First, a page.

Super Bowl game time is drawing ever closer. It's a mere two days until the Seattle Seahawks and New England Patriots take to the field in a battle for the chance to hoist the Vince Lombardi Trophy as champions of the game.
While a seat in Arizona is pretty well out of the question or a local Super Bowl event doesn't appeal, it's never too late to plan your own Super Bowl shindig at home. Of course, the food will play an integral part in the festivities. So, strap in because we're 'travelling' the US in a bid to compile a list of must-have Super Bowl eats that could transform your modest get together into an authentic Super Bowl experience.
It's simply not a Super Bowl party until the hot wings make an appearance, so our search for the best Super Bowl grub rightly starts in New York.
There are a few different stories as to how these deliciously spicy little morsels came into existence, but everyone seems to agree that it all started in Buffalo, New York. Some say it was a late night snack for last minute guests at the Anchor Bar, while John Young insists that it was his chicken wings with 'mambo sauce' that started the craze in the mid-1960s.
Regardless of who, the wings have developed into a menu staple for bars and restaurants across North America and almost always feature on American-themed restaurant menus overseas. Now available in a variety of flavours, original wings consist of deep fried wingettes and drumettes tossed in a vinegar-based cayenne pepper hot sauce mixed with butter.
SERVING TIP: Tradition dictates that wings be served up with a side of blue cheese dressing for dipping and a few celery sticks. The former offers a bit of cooling respite from the hot sauce while the latter is to cleanse the palate.
Kansas Starts The Slider Movement
Growing in popularity, the history of the slider is a varied thread that stretches way back. It is widely accepted that the term 'slider' originated on the US Navy ships. It was the name given to the greasy burgers that slid across the galley grill as the ships rocked back and forth.
At some point in the 1920s, a little fast food chain in Wichita, Kansas known as White Castle picked up the term, using it to identify their unique mini burgers being sold at five cents a pop. The chain later copyrighted the term 'Slyder', but has since returned to the original spelling. White Castle's slider remains its most famous menu item and has been voted America's most iconic burger.
These days the term 'slider' has grown to encompass a number of different bite-size burgers or sandwiches, with toppings ranging from pulled pork and slaw to chicken slathered in BBQ sauce. It is because of their small size that they have earned their spot on the Super Bowl menu. They're easy to handle and relatively mess-free, making them perfect for cheering fans.
SERVING TIP: Stick to the origins of the slider: a thin beef patty topped with diced onions, pickles, and cheese served on a steamed bun.
Pop Over To Wisconsin For A Jalapeno Popper
Appleton, Wisconsin is an unassuming city that earned a page in the food history books with a little something called Jalapeno Poppers. While the influences can be traced south of the border to a Mexican dish called chiles rellenos, the modern day recipe was trademarked by Anchor Food Products in Wisconsin in 1992.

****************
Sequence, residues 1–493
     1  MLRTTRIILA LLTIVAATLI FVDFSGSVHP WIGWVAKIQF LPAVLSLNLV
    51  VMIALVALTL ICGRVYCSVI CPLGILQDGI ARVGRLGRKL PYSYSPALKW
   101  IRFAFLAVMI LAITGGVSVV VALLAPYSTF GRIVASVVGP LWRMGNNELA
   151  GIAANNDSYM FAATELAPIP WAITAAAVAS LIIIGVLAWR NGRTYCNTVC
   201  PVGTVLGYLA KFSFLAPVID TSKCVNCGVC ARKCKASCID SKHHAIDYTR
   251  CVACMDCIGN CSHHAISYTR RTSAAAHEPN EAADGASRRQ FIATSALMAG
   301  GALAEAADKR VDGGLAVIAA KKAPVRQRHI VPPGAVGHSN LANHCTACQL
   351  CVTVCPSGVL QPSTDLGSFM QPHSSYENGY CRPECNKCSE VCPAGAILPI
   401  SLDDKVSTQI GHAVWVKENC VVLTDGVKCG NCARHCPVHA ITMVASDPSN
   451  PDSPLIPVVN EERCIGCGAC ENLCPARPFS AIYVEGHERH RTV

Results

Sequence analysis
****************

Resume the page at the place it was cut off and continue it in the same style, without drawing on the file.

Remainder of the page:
Jalapeno Poppers are a hollowed jalapeno pepper that has been filled with cream cheese or cheddar. It is then crumbed and deep fried. Some variations involve adding minced beef or bacon. The spicy pepper is offset by the creamy cheesy centre, creating a taste sensation that continues to delight Super Bowl party-goers across the US.
SERVING TIP: It’s best to serve poppers fresh and hot, when the cheese is melty and the crust is crispy.
Thanks For The Potato Skins, Dallas!
My personal favourite of the Super Bowl menu, potato skins, are a popular appetiser that originated at the famous chain restaurant TGI Fridays. While the flagship restaurant is in New York, it was the Dallas venue that introduced potato skins in the 1970s. However, there are some out there that insist a couple of other sources contributed to their widespread success. This includes Prime Rib Restaurant in Washington DC and the Lettuce Entertain You Enterprises in Chicago.
Nevertheless, the brilliance behind potato skins is that they are easy to make and easy to adapt to suit all tastes. Twice baked so the skins are crispy and delicious, they can best be described as a portable version of the loaded baked potato. You can fill them up with whatever you want!
SERVING TIP: Classics are classic for a reason, so when deciding on your potato fixins’, my advice is to opt for classic cheddar cheese and crumbled bacon. A dollop of sour cream and sprinkle of chives makes for a flawless combination. For a vegetarian twist, the bacon can be replaced with broccoli.
BONUS RECIPIE: Buffalo Wings courtesy of the Food Network Kitchens
- Vegetable or peanut oil for frying
- 1 cup all purpose flour
- 1 tablespoon paprika
- 3 kilograms chicken wings
(split at the joints and tips removed)
- 5 cups Franks RedHot sauce
(sold in specialty stores)
- 1/2 cup of butter
Heat approximately 2.5cm of oil to 190 degrees Celsius, using a large, deep skillet.
Mix flour and paprika in a shallow dish. Dredge the chicken wings to coat in the flower mixture, tapping off any excess.
Fry the wings in batches, turning as needed until cooked through and a deep golden brown. This will take approximately 15 minutes. Transfer to a rack to drain. Return the oil to temperature between batches.
Combine the hot sauce and butter in a pot over medium heat, stirring until the butter melts and the sauce begins to thicken. This will take approximately 10 minutes. Reserve one-quarter of the sauce for serving. Add the cooked wings to the pot and toss through the sauce.
Serve with blue cheese dressing and reserved sauce.